Information for Child Care Providers
stereotyping in the preschool classroom
Alison Levitch, M.A., and
Sara Gable, Ph.D., University of Missouri Extension
Are you aware that it is normal for
preschoolers to stereotype? Stereotyping comes naturally for young
children due to how their cognitions – or thought processes –
develop. A stereotype is a way to categorize or typecast people.
According to Piaget’s cognitive developmental theory, 3- to
6-year-old children are in the preoperational stage of thinking in
which they focus on what they can see. Preschoolers are likely to
form stereotypes about others based on observable characteristics,
material possessions, or preferences (e.g. likes or dislikes).
It is important that early
childhood educators know that young children are especially
susceptible to forming stereotypes. Helping children get along with
one another and combating discrimination and name-calling can become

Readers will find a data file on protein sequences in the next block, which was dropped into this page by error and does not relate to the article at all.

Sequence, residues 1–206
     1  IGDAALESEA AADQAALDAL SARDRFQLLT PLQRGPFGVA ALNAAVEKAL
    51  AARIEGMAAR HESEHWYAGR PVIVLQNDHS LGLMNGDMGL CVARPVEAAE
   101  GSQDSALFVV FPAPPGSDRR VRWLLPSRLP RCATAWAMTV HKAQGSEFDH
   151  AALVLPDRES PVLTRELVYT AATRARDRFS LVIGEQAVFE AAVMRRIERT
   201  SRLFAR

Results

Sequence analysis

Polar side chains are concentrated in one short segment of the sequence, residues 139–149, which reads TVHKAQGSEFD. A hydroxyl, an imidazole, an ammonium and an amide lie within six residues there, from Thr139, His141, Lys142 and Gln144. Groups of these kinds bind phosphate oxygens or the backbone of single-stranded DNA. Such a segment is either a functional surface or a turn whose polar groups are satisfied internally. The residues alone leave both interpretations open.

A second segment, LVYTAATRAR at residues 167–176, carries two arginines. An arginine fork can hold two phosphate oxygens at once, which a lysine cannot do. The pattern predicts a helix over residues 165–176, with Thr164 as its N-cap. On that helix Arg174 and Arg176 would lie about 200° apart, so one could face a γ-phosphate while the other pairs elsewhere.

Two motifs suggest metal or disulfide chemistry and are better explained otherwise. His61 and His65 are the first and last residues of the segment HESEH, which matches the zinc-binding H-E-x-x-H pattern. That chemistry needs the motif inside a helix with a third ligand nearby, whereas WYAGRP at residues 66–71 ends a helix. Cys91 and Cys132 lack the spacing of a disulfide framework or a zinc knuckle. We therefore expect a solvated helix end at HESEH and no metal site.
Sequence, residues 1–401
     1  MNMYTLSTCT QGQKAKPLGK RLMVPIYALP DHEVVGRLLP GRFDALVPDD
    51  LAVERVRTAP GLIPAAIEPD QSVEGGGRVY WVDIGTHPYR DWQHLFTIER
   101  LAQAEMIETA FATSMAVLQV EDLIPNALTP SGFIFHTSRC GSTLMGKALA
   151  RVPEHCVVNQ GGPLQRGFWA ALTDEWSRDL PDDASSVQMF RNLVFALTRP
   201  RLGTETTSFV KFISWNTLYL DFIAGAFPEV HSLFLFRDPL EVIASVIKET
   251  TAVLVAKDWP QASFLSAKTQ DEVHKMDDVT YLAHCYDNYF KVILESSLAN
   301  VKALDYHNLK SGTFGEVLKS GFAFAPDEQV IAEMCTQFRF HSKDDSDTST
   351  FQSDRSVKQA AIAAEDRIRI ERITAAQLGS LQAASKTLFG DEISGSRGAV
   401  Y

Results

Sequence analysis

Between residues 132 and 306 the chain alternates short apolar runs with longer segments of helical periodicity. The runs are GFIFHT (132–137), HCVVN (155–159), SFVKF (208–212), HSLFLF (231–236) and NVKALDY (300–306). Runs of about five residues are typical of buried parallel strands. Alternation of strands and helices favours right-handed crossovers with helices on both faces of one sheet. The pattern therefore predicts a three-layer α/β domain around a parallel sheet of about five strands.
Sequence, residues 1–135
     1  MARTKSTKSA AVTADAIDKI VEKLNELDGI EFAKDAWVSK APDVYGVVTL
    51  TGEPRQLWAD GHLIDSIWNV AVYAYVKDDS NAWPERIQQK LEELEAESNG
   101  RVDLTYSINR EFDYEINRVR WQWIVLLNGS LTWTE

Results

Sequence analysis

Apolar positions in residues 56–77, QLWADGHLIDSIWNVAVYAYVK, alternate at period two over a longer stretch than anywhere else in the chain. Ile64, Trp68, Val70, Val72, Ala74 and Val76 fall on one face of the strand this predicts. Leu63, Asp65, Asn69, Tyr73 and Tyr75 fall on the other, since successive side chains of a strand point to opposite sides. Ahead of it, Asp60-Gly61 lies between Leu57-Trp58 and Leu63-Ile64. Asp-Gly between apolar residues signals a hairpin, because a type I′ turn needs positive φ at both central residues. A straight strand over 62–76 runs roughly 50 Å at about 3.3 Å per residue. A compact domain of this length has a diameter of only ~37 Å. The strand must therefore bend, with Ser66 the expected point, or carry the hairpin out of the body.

a regular part of classroom experiences. According to the human
relations model of multicultural education, activities should
promote tolerance, respect and appreciation of others. Teachers can
also confront acts, such as name-calling and stereotyping, which
lead to others feeling devalued. According to Sleeter and Grant,
professors at California State University and University of
Wisconsin-Madison, helping children see that stereotypes will not be
supported and encouraging children to feel good about themselves can
lead to less tension and discrimination in the classroom.
Teachers can decrease stereotyping
in several ways. Begin with self-observation and awareness. This is
important because, according to Bandura’s social learning theory,